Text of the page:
17 Career Rules That Don’t Apply If You’re Over 30

There are some career rules that you have to stick to when you’re younger but become obsolete when you reach your 30s. We’ll be discussing 17 of these rules in this article.

Strict Dress Codes

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The figures from Prudential Uniforms show that “today, more than 32 million Americans have to wear uniforms to work, and those numbers grow yearly.” But as you get into your 30s and are seen as a more responsible person at work, strict dress codes might become more lenient if you use good judgment.

Climbing the Educational Ladder

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According to BestColleges.com, “about 15.2 million students are enrolled in an undergraduate program. Roughly 8.5 million are pursuing a bachelor’s degree.” Although a college degree may help you get a job, experience in a career might become more relevant than a degree as you get older.

Age-Related Earning

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SmartAsset says that “for Americans ages 25 to 34, the median salary is $1,040 per week or $54,080 per year. That’s a big jump from the median salary for 20- to 24-year-olds.” But when you have experience and plenty of skills to offer, there is less emphasis on age when negotiating a salary.

Always Be Punctual

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“Punctuality is the ability to be prompt, attend appointments on time, and submit your assignments by the deadline,” relates Indeed. But as you get older, your superiors tend to scrutinize your punctuality less often and are more lenient with you as a more mature person.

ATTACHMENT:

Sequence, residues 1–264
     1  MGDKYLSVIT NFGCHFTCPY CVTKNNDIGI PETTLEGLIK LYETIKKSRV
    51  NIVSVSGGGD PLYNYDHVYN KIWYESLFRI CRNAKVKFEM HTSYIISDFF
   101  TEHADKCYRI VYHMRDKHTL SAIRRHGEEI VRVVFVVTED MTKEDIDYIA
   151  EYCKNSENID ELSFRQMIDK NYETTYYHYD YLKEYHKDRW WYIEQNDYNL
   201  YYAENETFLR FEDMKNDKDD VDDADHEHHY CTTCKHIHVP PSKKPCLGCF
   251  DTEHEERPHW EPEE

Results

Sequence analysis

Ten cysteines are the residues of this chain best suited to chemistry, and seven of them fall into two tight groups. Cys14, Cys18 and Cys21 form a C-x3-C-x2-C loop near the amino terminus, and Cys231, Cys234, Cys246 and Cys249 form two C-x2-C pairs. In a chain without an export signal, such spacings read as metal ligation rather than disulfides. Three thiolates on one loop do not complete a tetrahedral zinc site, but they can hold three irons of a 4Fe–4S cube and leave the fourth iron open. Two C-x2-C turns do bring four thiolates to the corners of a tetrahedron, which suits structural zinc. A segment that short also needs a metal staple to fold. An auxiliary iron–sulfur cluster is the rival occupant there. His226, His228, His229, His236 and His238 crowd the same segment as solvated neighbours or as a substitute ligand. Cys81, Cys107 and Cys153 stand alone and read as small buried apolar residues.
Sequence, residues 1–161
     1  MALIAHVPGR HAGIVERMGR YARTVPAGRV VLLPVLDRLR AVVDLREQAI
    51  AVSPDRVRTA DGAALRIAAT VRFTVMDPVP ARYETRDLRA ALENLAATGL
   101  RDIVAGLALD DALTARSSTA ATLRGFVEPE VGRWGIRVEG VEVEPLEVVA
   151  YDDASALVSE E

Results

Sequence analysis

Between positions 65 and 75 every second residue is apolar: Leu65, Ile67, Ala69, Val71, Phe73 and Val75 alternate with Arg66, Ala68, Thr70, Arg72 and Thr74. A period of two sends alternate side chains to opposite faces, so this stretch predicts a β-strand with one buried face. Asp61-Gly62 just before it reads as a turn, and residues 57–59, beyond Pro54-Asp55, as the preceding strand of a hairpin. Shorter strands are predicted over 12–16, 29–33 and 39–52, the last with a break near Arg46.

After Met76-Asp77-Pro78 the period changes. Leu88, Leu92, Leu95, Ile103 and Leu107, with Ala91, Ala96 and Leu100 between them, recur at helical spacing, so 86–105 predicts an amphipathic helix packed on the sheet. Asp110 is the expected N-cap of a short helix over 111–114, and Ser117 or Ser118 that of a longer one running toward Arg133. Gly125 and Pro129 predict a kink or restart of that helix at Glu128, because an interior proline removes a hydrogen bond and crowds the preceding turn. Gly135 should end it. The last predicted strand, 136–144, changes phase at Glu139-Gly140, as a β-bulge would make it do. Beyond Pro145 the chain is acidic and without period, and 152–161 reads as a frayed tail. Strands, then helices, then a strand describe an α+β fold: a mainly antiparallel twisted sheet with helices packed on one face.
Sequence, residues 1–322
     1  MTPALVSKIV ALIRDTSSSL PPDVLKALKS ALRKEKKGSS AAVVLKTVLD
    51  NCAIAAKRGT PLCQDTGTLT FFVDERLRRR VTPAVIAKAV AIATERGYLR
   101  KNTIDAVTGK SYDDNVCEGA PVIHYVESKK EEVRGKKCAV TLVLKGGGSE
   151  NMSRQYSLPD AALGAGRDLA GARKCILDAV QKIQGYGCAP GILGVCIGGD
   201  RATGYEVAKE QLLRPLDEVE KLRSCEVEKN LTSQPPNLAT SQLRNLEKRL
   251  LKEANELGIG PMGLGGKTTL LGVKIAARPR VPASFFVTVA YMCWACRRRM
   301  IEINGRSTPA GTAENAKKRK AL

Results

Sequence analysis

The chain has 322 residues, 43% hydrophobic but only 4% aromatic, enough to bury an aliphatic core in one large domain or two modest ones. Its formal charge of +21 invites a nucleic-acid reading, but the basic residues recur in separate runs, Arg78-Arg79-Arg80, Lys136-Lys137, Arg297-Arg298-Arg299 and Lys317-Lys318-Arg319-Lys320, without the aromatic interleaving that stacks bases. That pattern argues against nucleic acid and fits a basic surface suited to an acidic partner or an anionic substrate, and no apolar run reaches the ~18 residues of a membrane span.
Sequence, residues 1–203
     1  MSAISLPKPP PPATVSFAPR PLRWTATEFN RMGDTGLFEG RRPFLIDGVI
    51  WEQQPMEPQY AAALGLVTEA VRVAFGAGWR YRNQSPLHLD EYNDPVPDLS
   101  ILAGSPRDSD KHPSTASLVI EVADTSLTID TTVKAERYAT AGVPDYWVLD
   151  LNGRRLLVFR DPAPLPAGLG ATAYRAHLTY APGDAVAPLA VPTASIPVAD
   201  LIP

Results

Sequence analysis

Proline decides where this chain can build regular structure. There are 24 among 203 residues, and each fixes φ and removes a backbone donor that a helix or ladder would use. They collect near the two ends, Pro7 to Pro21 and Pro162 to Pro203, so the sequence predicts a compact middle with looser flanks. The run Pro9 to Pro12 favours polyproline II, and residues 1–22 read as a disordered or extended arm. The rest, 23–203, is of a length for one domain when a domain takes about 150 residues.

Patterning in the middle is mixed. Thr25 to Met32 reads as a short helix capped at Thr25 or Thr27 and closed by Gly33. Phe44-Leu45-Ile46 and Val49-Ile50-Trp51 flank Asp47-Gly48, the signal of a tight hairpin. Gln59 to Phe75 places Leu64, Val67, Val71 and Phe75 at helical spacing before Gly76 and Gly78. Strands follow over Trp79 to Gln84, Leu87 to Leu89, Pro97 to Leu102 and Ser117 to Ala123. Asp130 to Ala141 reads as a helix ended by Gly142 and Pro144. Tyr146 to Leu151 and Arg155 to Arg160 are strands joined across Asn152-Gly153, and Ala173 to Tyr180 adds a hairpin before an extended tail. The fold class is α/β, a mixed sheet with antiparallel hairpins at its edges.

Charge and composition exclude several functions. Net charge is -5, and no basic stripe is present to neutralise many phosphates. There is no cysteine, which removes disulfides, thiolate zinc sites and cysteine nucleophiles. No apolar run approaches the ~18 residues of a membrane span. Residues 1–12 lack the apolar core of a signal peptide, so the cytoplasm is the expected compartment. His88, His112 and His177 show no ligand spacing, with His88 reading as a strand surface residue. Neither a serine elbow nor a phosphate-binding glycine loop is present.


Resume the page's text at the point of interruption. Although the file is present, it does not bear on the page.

Limitations on Entrepreneurship

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Starting a new business can become a daunting idea as you get older. But you might be in a better position to start a new job after 30, as you will have more experience in your line of work, more financial resources to support yourself, and increased network connections.

Never Take a Break

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Workforce.com says that “a quarter of Gen Z workers hesitate to take their lunch break because they worry about what their bosses might think.” Employees over 30 are aware that taking a break is important for work productivity and are less concerned about what their bosses will think about this.

Honesty About Growth

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When employers hire someone in their 20s, they want to train the person to stay in that line of work and don’t like it when the person is ambitious about moving on. But when you’re in your 30s, recruiters like to hear how you would like to grow in a role, as your enthusiasm can benefit the team.

Strict Lunch Breaks

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“The average break in 2018 was 39 minutes; this was down from 43 minutes in 2014,” according to statistics from Workforce.com. As people get older, they are less concerned about sticking to exact timing when it comes to lunch breaks as they know their employers trust them.